The Covid-19 Epidemic, One Year Later

The virus that provoked the Covid-19 epidemic seemed to start slowly before taking off at breakneck speed, turning our world over. We wrote our first story about the novel corona virus on Feb. 27, 2020.

Around Huntington, activities continued until they suddenly didn’t.

Executive orders mandating restrictions began pouring out of Albany. When Gov. Andrew M. Cuomo declared a state of emergency on March 7, the state death toll was 76.

The St. Patrick’s Day parade went off March 8 though some  people were beginning to take precautions, such as doing elbow or fist bumps instead of handshakes. A few people who participated in the parade or related activities were among the earliest Covid-19 victims.

Within a few days of the parade, stores shut their doors and school districts, one after another, announced they were closing at least temporarily.  Not everything stopped instantly. A bar crawl went off March 15 and many shoppers were still out and about that weekend.

Gov. Andrew M. Cuomo ordered all non-essential businesses to close as of March 22. Certain phrases–mask mandates, Zoom meetings, asynchronous learning, essential workers, toilet paper shortage, and social distancing–began to crop up in conversations.

The dash to buy cleaning supplies began in earnest, even as prices skyrocketed in some stores, and items vanished off the shelves. Shoppers could be seen with their carts loaded with supplies, though stores soon began imposing limits. Social media was quickly filled with messages about which stores had produced a supply of essential products and how much, or where to find them if they weren’t in their usual places on the shelves.

And Huntington residents began dying of the disease. Thirty-one deaths in March would grow to 338 in April, and that month,  Covid-19 was blamed for half the deaths in town. By earlier this month, the Huntington total would exceed more than 500. At the same time, heavy limitations were imposed on the operations of  funeral homes.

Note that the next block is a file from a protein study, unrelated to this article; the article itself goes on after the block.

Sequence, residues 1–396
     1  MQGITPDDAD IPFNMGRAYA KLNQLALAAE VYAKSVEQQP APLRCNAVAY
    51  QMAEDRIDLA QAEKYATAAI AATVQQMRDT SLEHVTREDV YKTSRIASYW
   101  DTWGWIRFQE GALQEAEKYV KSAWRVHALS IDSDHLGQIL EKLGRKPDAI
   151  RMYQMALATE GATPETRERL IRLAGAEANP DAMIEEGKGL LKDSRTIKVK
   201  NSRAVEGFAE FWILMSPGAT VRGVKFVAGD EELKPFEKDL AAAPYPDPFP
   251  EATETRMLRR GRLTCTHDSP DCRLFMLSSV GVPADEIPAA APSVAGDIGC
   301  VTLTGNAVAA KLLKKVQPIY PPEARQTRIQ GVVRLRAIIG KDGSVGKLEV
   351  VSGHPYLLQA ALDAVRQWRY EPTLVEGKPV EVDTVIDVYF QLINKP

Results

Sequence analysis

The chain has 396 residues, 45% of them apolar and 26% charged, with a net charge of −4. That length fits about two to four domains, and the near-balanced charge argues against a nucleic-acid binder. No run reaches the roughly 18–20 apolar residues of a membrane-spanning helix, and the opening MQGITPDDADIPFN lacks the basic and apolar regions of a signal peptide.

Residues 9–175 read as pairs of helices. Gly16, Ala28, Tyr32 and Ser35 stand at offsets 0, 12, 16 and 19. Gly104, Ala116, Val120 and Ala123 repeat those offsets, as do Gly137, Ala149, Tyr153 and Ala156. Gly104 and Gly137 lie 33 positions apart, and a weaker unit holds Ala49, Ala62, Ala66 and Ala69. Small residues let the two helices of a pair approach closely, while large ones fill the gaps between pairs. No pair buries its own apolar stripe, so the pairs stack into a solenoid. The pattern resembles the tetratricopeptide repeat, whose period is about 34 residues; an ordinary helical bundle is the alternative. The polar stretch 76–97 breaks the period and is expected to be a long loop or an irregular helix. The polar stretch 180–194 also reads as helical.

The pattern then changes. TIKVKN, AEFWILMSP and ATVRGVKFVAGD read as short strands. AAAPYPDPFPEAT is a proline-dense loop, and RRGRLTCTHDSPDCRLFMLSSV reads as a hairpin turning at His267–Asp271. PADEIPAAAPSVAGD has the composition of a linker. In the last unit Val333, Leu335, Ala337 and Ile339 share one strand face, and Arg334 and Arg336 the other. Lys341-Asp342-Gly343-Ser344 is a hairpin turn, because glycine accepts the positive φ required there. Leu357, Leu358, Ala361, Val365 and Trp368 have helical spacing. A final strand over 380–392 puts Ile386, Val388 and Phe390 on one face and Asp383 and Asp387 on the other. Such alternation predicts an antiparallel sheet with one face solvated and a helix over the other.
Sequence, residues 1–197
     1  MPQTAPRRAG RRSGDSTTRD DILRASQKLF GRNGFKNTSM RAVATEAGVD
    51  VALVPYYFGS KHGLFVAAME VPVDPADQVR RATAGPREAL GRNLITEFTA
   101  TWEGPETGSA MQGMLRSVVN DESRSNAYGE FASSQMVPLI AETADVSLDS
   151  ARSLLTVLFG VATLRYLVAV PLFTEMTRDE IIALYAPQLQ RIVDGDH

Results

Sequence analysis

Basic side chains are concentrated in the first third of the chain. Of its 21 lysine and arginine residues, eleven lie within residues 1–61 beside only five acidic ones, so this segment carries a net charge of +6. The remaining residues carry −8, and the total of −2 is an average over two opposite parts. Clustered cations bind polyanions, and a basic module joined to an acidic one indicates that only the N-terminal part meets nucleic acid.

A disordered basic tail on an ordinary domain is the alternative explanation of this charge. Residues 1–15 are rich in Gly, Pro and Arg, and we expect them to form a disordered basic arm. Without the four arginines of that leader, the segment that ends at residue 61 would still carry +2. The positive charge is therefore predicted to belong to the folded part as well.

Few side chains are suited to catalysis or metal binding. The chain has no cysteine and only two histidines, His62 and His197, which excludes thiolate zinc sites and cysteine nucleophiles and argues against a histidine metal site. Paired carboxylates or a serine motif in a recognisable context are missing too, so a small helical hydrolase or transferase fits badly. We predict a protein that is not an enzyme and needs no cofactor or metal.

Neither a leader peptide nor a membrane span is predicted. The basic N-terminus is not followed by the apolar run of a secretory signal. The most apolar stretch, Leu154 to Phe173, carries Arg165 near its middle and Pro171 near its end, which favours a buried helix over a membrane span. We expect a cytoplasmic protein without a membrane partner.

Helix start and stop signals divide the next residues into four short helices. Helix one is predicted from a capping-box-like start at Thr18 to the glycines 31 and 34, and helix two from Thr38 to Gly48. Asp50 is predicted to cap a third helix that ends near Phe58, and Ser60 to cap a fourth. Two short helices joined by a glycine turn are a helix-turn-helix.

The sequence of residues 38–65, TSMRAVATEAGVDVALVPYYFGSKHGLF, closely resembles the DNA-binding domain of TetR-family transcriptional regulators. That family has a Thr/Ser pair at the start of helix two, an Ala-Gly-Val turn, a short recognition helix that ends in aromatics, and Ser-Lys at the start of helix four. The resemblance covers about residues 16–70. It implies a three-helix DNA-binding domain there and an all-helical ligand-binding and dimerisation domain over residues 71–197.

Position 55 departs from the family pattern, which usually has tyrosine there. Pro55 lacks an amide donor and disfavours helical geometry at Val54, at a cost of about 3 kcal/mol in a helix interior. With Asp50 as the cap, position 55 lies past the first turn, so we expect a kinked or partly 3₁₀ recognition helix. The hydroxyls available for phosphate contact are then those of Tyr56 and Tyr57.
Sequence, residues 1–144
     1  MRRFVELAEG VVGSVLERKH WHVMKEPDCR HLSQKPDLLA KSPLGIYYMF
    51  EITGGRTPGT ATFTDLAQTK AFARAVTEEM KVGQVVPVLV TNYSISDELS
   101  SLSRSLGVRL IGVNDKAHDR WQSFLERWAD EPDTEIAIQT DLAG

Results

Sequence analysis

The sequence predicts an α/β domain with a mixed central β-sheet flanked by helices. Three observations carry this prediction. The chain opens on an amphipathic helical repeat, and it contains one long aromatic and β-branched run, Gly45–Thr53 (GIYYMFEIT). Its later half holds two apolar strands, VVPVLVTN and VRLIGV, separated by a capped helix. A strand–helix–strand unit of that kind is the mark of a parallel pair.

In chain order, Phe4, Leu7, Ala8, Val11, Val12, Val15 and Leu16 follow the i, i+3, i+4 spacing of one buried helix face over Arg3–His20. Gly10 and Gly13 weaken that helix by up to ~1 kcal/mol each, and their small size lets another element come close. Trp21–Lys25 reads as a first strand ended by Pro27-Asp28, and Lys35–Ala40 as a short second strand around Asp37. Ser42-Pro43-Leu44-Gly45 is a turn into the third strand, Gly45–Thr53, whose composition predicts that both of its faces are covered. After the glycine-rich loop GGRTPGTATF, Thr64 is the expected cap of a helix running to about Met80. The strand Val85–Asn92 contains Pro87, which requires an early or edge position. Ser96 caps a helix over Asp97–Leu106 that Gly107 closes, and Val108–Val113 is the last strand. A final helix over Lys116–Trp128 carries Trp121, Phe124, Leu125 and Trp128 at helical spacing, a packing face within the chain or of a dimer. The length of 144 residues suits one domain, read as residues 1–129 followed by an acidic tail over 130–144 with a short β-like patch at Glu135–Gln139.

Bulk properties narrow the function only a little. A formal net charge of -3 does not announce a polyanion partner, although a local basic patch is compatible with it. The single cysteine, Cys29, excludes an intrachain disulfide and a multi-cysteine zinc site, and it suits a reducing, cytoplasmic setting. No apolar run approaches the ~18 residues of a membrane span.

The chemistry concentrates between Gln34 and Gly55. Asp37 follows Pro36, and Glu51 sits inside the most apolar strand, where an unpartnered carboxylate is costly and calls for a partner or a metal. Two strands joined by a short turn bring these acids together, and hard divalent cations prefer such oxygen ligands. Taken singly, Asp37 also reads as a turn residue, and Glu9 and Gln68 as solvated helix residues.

As businesses closed, the economic effects quickly became apparent. Food pantries stepped up their efforts to feed families; school districts, already coping with ever-changing directions from Albany, increased their efforts to deliver meals to students no longer receiving food at school. Teachers in the Huntington district collected and redistributed hundreds of items of food.

Police officers were seen patrolling on foot, ensuring businesses were closing and that no large groups gathered on the street. Volunteers made and delivered hundreds of masks to residents.

Governmental meetings, like schools, went remote. Many workers learned how to work from home for the first time, often trying to balance family duties with their jobs.

And Theresa Sullivan stepped up to create a program to both feed Huntington Hospital workers and at the same time, send some business to Huntington restaurants.

The Town of Huntington and others began to find ways to entertain bored residents frustrated by the shutdown, with summer movies moved to Whitman Mall. A parade of classic vehicles zipped through a parking lot at Huntington Hospital. Businesses throughout the downtown and elsewhere did their best to come up with creative ways to attract and serve customers.

Suffolk County Second Precinct officers stopped by a nursing home to help celebrate the 98th birthday of a World War II veteran who was recovering from Covid-19. High school seniors were serenaded, too, mostly by the horns of passing cars cheering the Class of 2020 members on to the next step of their lives, and many celebrated birthdays in the same way. Parents put together an Easter egg drive-by.

Soon sites began to pop up to provide Covid-19 tests, hoping to identify hotspots or most vulnerable communities.

Throughout the year, residents coped, argued about the need for a shutdown, masks and even the threat of the virus itself.

Finally, by January, the first of vaccines began to arrive and thus a chase to get an appointment. After publishing a story about a vaccination site, received dozens of pleas for help with making an appointment. Volunteer Michelle Troiano stepped up again for another round of helping guide those who couldn’t figure out the system or encountered questions with few easy answers.

In the midst of the epidemic, not all events came to a halt, especially during the summer months. Marchers motivated by the death of George Floyd in Minneapolis marched through Huntington several times, stirred by racist remarks by a Huntington restaurant owner. Supporters of President Trump formed caravans and drove through the streets of Huntington. And in August, Tropical Storm Isaias blew through Huntington, leaving hundreds without power.

But the epidemic lingers and we are starting to see some events canceled for a second straight year.  School districts are entering their second spring of juggling how to keep everyone safe while trying to make education work for all.

The annual St. Patrick’s Day parade will go virtual. Government and school meetings are still running remotely. And businesses are still limited in their capacity and hours of operation. In a year like no other we have seen, the light at the end of the tunnel, and a return to normal, still seem at a distance.


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